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Mugabe protest pastor unfazed

Kariba-based Remnant Church leader Patrick Phillip Mugadza, now known as the “Mugabe-must-go pastor” believes God is punishing Zimbabwe for worshiping and turning President Robert Mugabe into a demi-god.


Mugadza, who met journalists in Harare last week, kept “apologising” to God on behalf of Zimbabweans for likening Mugabe to God.

“I am a pastor and I start almost everything and anything with prayer. So let me do that,” he said before addressing the press conference.

“I thank you for this wonderful day. I pray that as a nation you may forgive us Lord.

“And Father that in 1980, for elevating the President [then Prime Minister] like he was some god.”

Mugadza rose to fame after his arrest in Victoria Falls for staging a one-man demonstration against Mugabe’s alleged misrule during the Zanu PF annual people’s conference in December.

He went on a solo demonstration, holding a placard written: “Mr President, the people are suffering Proverbs 21 verse 13” prompting security personnel to arrest him, accusing the cleric of demeaning the office of the president.

“People ask why I did it alone. I tell them I did not do it alone,” Mugadza said.

“There were two of us but the other guy at the last minute dropped out.

“I do not blame him because of the heavy security presence in the area during that period.”

The 45-year-old Gutu-born father of two was unknown until the Victoria Falls incident, which saw him spend weeks in police cells after failing to raise the $500 bail imposed by a local magistrate.

“I actually once did a prayer walk from Bulawayo to Harare and that took me about nine days.

“Two years later, I did another one again from Harare to Marondera and on that one I was saying let’s trust in God as Zimbabweans because of the political situation in the country back then,” Mugadza said.

“Since 2006, I have been praying for the nation of Zimbabwe.”
Mugadza said he wanted Mugabe to know the difficulties facing the country and to urge him to resign to pave way for a transitional authority.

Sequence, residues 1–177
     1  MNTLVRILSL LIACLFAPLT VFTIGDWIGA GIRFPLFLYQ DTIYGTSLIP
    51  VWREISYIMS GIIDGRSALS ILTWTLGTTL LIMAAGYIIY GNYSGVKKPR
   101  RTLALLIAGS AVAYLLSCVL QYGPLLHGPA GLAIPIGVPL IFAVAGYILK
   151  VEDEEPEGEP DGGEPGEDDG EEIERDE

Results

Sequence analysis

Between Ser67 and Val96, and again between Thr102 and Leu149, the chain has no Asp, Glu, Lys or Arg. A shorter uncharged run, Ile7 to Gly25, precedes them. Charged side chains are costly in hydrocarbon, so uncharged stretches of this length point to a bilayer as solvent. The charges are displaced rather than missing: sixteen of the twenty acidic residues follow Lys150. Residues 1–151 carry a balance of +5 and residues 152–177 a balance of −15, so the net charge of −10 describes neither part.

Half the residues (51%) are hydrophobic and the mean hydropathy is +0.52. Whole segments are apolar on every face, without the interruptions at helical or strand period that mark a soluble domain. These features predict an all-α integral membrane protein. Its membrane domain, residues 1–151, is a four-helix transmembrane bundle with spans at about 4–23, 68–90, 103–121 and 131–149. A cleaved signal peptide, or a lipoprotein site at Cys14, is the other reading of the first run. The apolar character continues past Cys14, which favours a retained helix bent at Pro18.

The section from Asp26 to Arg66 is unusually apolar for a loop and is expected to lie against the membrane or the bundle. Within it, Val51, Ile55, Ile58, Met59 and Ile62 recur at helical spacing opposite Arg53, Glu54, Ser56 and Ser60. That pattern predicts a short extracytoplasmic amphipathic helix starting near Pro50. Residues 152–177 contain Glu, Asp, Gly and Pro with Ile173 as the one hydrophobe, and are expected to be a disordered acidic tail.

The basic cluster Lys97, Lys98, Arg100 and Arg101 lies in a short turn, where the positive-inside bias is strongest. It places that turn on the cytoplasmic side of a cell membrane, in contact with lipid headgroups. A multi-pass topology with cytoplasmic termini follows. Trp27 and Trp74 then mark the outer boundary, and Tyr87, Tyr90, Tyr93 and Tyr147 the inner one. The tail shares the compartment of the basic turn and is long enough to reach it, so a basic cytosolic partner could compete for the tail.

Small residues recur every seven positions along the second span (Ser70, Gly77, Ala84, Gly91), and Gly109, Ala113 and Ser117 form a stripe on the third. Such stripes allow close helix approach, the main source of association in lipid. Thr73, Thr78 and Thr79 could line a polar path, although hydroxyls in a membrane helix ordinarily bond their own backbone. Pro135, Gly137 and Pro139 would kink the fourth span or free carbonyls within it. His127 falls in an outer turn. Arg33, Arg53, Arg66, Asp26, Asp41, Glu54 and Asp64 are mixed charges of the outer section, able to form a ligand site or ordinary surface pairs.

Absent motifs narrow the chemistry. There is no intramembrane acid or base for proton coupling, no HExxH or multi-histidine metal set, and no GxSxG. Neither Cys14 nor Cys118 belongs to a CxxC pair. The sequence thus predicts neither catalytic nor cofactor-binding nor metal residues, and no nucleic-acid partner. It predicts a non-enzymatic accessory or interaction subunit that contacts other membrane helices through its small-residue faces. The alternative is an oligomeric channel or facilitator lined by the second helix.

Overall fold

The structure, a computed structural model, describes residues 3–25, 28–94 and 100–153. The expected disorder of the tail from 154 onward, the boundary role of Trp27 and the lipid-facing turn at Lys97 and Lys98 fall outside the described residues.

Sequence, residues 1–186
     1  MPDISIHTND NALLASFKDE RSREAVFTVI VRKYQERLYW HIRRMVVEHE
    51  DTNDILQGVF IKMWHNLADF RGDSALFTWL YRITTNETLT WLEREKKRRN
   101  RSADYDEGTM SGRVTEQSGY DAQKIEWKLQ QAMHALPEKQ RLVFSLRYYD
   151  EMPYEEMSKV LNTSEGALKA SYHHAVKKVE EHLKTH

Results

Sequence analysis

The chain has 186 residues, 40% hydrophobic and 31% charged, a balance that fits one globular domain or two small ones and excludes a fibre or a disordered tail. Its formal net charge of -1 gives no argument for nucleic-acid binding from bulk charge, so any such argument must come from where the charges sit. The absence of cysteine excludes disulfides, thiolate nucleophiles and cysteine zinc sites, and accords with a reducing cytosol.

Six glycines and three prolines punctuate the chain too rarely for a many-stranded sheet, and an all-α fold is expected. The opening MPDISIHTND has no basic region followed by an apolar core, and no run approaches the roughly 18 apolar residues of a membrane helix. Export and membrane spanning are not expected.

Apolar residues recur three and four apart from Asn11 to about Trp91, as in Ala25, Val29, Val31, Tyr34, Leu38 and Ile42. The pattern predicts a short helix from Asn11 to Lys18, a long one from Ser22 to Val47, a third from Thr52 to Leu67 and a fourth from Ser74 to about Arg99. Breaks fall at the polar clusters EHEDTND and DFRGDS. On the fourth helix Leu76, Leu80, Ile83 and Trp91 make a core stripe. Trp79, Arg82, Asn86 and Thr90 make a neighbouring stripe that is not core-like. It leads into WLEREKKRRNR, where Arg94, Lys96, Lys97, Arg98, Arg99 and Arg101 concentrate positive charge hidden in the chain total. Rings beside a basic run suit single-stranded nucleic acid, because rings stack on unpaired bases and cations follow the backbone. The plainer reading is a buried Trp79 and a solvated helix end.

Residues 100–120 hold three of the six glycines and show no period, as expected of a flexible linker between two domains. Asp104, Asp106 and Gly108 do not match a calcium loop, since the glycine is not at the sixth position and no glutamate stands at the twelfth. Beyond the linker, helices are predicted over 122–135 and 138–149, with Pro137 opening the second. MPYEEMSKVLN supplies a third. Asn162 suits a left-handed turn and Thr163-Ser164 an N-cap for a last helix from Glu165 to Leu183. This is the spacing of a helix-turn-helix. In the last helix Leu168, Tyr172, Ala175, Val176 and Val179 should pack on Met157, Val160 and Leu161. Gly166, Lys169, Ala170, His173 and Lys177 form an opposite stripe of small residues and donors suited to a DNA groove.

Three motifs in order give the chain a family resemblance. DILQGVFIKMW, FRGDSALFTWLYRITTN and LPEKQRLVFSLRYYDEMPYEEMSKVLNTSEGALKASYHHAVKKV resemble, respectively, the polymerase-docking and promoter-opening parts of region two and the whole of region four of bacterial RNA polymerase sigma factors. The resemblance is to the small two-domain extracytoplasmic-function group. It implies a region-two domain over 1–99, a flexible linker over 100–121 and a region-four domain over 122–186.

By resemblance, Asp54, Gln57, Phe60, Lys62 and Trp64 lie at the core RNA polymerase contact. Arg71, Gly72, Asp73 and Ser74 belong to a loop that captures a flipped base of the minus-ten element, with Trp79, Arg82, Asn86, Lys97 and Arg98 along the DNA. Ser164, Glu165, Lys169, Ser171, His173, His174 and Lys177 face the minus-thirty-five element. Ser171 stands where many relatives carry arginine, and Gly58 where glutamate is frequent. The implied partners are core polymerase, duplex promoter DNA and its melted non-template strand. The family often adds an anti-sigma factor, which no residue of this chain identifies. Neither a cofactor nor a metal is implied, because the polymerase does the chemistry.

“Things are not okay in a lot of ways. As you may know, there is high unemployment and as a result, people are going to the Diaspora looking for employment.

“The family fabric gets torn apart. I believe the politics of this nation have let the people down in a very big way,” he said.
“When I came up with this whole thing, it was a way of sending a message that there is a way out for the people of Zimbabwe and that according to me is when we will have a government of technocrats.

“I know it has happened in several countries because they were facing difficulties.”

Mugadza added: “So given the political difficulties in our nation, what can only work is an interim government that will only be focusing on lifting up the economy of this nation from where it is right now, so that’s what I can say is the solution for this nation.”

He urged local church leaders, including popular preachers such as United Family and International Church founder Emmanuel Makandiwa and Prophetic Healing and Deliverance Ministries leader Walter Magaya to start talking about the situation in the country to influence change.

He said he was not afraid to take Mugabe head-on single-handedly despite his prison ordeal.

“I am not afraid because fear will not bring anything. We are where we are because of fear,” he said.

“If you allow fear to control us then it means we will have a big problem.

“Let me say whether Itai Dzamara died or disappeared, he could have been a seed and if a seed is sown, it will germinate.”

“If anything happens to me and that I am killed or I disappear, I will be a seed and I will tell you that many Dzamaras will come in.
“So people should not be afraid. I won’t be afraid because even the president himself and other nationalists left their families because they were not afraid of the Ian Smith regime,” he said.

Mugadza said failure by the government to pay civil servants salaries on time was a sign that things were not well in the country.
“We have millions of people who left the country and are living deplorable lives in the Diaspora,” he said.

“People who are working are not sure they will continue working, no salaries, this is just to mean things are not okay.”

He took a swipe at prophets claiming that life in Zimbabwe will be prosperous this year.

“My question will be, if a prophetic message comes in to say that things will be okay, the question to the prophetic message is which things; and answers have to come,” he charged.

“Sometimes it will not be a prophetic message, it’s just saying things will be okay, and you know what, we have been told that many times, not even by prophets, but by many people.”

Mugadza said he did not want to appear as if he was saying some prophets were siding with the system, but said he was afraid some of them appeared as if they were doing just that.

“People will ask are you really true men of God if you don’t stand for them even when you see what is going on around.

“How can you ignore that? Something is not right,” he said.

Mugabe has in the past reacted angrily to criticism by the clergy.

He has in the past lashed out at former South African Anglican Church leader Desmond Tutu and Roman Catholic Church’s former Bulawayo Archdiocese bishop Pius Ncube.

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